News & Articles
2011-2012, Volume 1
Welcome to Clybourne Park
by Martha Lavey
Bruce Norris’s Clybourne Park opens our season of Dispatches from the Homefront. We chose the word “dispatch” in our theme language to suggest a missive—urgent in nature—from a zone in conflict. Very particularly we are interested in exploring how the safety of home is defined against the threat of the other, and the conflicts that arise as we defend and define ourselves. Bruce’s play embodies all of these ideas: it is an urgent address to some of the very particular conflicts that define the American home of the last half century.
The first act of the play is set in 1959 in the home of Russ and Bev, whose son served in the Korean War. The Korean War occupies a curious place in American history. It has been described as a “proxy war,” whose issues were unclear. It is the “Forgotten War” in some narratives—positioned between WWII and the Vietnam War, both of which conflicts are more clearly defined in American consciousness. It is canny of Bruce to seize on this interval in the American experience: the 1950s live in our imagination as a time of a domestic placidity, an interval of conformity and homogeneity. By introducing the legacy of the Korean War into the narrative, Bruce hints at the turbulence below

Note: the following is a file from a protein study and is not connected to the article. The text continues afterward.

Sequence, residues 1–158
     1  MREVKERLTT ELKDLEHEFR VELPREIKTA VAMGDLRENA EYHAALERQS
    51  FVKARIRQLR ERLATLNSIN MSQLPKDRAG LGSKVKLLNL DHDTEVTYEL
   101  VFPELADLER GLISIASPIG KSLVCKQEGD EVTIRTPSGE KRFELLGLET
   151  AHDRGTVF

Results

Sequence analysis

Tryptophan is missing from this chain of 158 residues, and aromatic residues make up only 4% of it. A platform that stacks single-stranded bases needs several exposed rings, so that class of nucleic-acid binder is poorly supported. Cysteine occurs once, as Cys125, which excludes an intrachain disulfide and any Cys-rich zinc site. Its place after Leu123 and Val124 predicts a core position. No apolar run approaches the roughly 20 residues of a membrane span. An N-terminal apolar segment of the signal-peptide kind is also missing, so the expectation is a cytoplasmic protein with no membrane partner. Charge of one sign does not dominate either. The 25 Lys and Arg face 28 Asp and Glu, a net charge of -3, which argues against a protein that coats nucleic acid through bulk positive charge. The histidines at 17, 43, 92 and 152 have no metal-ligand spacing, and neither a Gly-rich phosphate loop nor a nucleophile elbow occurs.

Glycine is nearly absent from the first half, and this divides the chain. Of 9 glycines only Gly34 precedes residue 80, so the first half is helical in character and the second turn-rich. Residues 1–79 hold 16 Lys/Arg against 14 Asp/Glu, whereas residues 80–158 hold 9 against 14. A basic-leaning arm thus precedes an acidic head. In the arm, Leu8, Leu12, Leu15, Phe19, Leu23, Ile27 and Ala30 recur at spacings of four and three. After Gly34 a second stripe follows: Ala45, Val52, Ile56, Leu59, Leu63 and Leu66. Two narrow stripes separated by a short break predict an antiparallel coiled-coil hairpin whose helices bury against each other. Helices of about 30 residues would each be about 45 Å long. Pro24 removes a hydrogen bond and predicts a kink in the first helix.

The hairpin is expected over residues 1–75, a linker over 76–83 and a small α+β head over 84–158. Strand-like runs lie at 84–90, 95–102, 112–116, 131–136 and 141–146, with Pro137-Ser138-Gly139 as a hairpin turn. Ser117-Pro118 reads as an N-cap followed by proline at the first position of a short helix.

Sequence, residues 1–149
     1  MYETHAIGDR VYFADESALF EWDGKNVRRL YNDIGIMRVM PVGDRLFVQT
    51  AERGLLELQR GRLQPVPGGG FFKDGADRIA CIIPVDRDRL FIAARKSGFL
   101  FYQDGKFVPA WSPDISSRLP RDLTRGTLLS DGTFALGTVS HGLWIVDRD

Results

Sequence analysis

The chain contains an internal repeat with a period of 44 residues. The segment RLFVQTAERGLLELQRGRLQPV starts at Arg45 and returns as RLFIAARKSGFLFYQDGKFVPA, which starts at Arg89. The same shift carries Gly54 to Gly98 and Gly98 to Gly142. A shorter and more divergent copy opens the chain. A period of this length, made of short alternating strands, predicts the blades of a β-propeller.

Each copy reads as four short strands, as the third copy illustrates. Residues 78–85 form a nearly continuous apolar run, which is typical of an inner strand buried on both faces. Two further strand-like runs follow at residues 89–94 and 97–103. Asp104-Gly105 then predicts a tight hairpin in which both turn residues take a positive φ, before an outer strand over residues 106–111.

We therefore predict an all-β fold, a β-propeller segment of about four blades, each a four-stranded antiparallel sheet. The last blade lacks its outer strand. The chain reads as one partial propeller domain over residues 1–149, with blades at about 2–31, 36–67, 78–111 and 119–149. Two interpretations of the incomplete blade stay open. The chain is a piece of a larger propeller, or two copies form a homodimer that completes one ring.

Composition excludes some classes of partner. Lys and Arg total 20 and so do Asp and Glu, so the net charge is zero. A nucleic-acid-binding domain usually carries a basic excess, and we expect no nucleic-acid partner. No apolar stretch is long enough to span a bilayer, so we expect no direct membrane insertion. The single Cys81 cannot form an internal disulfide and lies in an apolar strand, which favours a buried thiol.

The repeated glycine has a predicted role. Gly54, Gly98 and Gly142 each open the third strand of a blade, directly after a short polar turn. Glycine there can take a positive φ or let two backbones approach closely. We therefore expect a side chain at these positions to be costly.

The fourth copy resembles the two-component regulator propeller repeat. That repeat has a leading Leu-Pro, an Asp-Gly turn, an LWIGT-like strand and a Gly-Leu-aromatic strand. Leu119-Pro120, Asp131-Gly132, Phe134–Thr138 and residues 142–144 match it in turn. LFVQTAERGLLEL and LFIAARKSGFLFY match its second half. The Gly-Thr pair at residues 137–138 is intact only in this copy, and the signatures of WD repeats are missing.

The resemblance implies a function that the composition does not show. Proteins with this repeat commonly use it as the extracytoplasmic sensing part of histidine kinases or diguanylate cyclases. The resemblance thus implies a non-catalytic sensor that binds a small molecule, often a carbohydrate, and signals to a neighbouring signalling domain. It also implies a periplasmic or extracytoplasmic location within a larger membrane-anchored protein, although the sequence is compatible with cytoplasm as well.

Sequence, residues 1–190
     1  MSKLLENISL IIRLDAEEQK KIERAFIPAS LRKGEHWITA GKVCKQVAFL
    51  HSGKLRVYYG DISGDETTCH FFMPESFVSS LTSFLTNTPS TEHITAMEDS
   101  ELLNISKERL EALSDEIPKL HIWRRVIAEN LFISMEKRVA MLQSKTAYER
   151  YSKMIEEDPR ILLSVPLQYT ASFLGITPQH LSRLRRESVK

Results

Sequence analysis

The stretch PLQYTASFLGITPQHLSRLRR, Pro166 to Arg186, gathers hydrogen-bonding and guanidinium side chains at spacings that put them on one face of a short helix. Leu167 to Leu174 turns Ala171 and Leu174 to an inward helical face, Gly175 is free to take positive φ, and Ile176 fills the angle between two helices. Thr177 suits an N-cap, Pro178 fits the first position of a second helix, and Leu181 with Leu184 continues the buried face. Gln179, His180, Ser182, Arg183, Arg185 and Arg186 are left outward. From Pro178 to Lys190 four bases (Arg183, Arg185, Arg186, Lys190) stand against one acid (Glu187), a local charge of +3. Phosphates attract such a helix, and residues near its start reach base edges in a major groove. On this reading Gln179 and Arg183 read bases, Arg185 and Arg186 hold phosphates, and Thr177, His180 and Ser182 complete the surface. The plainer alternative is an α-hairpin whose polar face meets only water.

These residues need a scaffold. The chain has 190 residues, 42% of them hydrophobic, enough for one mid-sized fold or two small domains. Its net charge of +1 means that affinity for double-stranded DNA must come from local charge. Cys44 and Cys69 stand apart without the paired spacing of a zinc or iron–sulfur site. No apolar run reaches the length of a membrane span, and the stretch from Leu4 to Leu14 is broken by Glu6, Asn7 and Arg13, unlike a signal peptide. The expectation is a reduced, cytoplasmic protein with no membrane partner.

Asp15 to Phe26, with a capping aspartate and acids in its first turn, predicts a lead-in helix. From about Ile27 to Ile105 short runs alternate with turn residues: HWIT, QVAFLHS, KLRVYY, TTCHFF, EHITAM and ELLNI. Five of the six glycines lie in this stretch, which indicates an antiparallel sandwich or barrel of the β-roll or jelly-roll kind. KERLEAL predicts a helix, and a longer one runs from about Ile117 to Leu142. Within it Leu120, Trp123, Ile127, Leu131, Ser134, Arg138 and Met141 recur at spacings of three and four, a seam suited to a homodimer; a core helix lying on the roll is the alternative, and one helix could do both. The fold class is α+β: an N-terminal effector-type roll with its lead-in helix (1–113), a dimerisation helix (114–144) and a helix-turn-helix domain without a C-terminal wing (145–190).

the domestic tranquility of an America of peace and prosperity. The changes that will rock the country throughout the 1960s are latent in the world that Bruce creates in this opening act.